NLRB Says Employers Can’t Make Employees Turn Off Their Smartphones

The NLRB recently struck down a Whole Foods workplace policy banning employees from recording conversations or taking photographs in the workplace without management approval. Despite Whole Foods’ plea that the policy was intended to encourage open and frank conversations and to eliminate a chilling effect on the expression of views that may exist when an employee is concerned that his or her conversation is being secretly recorded, a divided Board held the exact opposite – that the policy prohibited protected concerted activity in violation of Section 7 of the NLRA.

The Board’s opinion reasoned that workplace photography or recording, often covert, is essential in employees vindicating their underlying Section 7 right to engage in protected concerted activity. And because the policy didn’t differentiate between recordings protected by Section 7 and those that are unprotected, Whole Foods’ policy was overbroad.

Employers that maintain a similar policy as Whole Foods’ might want to hesitate before revising (or eliminating) their policy. While the NLRB’s ruling affects both union and non-union employers, its reasoning is highly fact-specific, ignores industry-specific concerns (such as HIPAA privacy issues in the healthcare field or FERPA privacy in the education field), and fails to address concerns about proprietary and trade secret information. Additionally, the opinion does not fully address whether state laws that ban nonconsensual recording would still be enforceable.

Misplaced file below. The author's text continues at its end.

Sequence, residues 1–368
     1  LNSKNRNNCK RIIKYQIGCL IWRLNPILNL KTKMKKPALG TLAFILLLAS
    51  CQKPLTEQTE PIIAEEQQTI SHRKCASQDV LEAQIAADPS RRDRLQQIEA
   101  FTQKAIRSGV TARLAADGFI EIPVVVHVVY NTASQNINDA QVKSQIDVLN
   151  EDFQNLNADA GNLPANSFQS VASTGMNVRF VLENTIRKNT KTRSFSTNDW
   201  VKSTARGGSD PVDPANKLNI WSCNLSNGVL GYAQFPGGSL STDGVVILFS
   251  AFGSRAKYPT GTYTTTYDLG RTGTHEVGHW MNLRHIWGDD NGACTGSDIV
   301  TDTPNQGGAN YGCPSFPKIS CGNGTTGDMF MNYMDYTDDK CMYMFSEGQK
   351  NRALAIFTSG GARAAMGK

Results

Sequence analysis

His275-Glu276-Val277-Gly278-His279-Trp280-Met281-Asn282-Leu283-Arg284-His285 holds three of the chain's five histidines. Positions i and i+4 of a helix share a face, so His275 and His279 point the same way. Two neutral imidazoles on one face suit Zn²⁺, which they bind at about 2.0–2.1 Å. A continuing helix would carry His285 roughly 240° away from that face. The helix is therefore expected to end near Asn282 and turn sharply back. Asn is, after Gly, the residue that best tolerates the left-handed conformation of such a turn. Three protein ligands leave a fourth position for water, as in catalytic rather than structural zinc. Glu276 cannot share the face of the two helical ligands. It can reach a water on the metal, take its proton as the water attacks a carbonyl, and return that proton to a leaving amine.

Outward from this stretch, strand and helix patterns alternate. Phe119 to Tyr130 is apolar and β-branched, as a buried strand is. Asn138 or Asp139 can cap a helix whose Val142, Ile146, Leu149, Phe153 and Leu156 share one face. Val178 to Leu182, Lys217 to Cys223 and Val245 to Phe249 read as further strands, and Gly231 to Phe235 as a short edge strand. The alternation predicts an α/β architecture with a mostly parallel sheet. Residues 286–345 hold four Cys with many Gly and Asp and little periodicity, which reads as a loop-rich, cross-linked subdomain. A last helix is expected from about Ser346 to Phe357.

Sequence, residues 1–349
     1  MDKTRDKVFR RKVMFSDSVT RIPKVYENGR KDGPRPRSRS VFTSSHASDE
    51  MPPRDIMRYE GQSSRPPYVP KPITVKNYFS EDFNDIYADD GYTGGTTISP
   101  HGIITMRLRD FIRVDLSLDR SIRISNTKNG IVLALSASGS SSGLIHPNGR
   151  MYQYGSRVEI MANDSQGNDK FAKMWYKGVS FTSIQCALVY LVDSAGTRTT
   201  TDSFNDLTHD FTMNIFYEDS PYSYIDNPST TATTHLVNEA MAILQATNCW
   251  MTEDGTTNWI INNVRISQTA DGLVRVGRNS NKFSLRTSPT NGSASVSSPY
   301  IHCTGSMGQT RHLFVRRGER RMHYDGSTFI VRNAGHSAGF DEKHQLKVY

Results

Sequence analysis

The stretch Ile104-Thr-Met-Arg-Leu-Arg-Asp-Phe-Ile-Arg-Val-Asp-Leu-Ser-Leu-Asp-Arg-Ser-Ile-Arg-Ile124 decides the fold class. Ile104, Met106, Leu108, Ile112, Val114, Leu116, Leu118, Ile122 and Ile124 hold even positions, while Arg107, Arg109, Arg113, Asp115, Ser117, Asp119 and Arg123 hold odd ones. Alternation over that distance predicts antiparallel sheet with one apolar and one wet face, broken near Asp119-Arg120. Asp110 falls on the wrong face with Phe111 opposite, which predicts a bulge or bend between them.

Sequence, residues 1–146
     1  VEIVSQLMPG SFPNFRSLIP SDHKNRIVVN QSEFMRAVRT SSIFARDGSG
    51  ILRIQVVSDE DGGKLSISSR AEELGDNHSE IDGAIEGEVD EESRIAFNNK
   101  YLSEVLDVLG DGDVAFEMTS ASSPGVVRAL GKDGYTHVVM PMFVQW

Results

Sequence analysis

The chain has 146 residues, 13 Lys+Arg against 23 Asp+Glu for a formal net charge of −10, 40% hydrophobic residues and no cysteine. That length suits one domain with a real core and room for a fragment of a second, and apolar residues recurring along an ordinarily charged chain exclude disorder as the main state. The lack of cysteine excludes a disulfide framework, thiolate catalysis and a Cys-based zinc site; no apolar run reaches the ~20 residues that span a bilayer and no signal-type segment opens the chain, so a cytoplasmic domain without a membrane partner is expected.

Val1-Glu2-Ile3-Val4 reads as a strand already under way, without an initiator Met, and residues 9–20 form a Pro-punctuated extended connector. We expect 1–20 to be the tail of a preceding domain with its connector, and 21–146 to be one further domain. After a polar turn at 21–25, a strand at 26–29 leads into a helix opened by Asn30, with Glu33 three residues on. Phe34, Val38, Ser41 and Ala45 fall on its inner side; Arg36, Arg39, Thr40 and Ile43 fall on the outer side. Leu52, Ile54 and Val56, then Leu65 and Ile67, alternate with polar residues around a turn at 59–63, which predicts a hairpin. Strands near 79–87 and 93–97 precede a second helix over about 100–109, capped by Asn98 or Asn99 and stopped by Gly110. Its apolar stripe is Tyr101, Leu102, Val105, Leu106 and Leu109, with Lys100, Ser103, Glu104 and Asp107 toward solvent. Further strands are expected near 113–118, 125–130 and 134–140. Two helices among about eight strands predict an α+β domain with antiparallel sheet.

The NLRB’s new posture on workplace recording remains untested by any court, and the upcoming presidential election could completely change the dynamic of the Board, thus discounting many of the NLRB’s recent far-reaching opinions.

Many thanks to my employment law colleagues for their help on this post, including Lee GeigerBruce Petrie, Jr., and Nick Ziepfel. Happy New Year to them and all my readers!